Purpose: People want to make a contribution. They want to see their work being used by happy customers. They want to see their work making other people’s lives better. Putting out poor quality products that annoy people will cause employees to want to leave an organization. Having corporate policies that violate customer’s privacy or do other semi-legal immoral corporate activities will disengage the workforce.

If a company pays a competitive salary then these items will be very important in engaging and retaining employees. But there are still other factors.

Golden Handcuffs

One of my favorite ways to be retained by an employer are golden handcuffs. These are benefits like stock options or future bonuses that you have to remain an employee to collect. Often these can become quite valuable making it a very difficult decision to leave. For instance stock options vest over five years and you can retain them for ten. If your company is growing and its stock is going up then these can become very valuable and walking away from them is as difficult as getting out of handcuffs. Even if you company isn’t public, having these in the hope of going public is a great retention tactic.


Challenging Work

Technical employees like programmers value challenging work where they get to use newer technologies. This keeps people interested via continuous learning and people feel secure in their profession since they know their skills are up to date.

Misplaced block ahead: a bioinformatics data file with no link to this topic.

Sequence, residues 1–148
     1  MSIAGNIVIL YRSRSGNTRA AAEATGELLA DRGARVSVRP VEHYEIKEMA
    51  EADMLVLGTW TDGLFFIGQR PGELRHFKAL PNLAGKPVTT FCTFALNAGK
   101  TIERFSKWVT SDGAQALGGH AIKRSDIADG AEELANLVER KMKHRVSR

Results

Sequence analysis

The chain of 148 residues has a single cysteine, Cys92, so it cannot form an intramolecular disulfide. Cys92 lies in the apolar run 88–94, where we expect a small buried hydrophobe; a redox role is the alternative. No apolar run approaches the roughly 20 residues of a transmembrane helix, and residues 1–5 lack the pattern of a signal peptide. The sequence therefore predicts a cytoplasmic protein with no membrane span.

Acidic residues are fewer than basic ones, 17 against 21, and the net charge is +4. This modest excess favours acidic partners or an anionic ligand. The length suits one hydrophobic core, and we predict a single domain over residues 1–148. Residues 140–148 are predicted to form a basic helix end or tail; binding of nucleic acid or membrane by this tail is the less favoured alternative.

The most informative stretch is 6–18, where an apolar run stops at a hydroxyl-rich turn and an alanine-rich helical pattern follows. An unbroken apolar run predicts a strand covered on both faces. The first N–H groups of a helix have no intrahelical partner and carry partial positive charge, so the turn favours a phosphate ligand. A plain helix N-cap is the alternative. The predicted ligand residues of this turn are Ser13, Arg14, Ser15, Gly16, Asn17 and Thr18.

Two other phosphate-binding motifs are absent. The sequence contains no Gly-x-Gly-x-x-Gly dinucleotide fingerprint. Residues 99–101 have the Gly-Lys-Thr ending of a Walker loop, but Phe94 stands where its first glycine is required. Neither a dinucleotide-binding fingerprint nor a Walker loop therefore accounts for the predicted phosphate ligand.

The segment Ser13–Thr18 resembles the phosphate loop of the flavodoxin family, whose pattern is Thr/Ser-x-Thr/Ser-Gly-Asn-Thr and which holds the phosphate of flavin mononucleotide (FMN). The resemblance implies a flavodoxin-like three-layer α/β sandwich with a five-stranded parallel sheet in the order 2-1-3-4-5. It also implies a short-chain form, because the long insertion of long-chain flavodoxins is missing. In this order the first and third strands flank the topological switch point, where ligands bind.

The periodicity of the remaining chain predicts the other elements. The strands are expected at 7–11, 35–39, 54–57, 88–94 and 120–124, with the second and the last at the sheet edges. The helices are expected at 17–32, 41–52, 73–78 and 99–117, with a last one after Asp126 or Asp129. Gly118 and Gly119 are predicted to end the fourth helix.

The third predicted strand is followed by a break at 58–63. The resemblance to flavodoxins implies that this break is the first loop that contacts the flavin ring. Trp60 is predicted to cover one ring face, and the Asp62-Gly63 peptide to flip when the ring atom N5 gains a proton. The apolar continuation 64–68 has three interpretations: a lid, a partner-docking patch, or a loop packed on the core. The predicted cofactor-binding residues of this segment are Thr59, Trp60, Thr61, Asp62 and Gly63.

A lot of times technical people leave an organization because they feel their skills are getting dated and that it’s hard to learn and practice newer practices.


When performing employee surveys, often the key answers given to the question of why people stay is that they like their co-workers and/or they like their boss. To some degree this comes down to having a very positive work environment. Ensuring everyone treats everyone else with respect and that bad behavior to other people isn’t tolerated.

Another key aspect is when hiring to consider how people will fit in to the current teams and often to give team members a chance to participate in the job interview process to give their input on this.

Probably the most important relationship is between an employee and his boss and this means that ensuring managers are properly trained and that you have good managers is extremely important.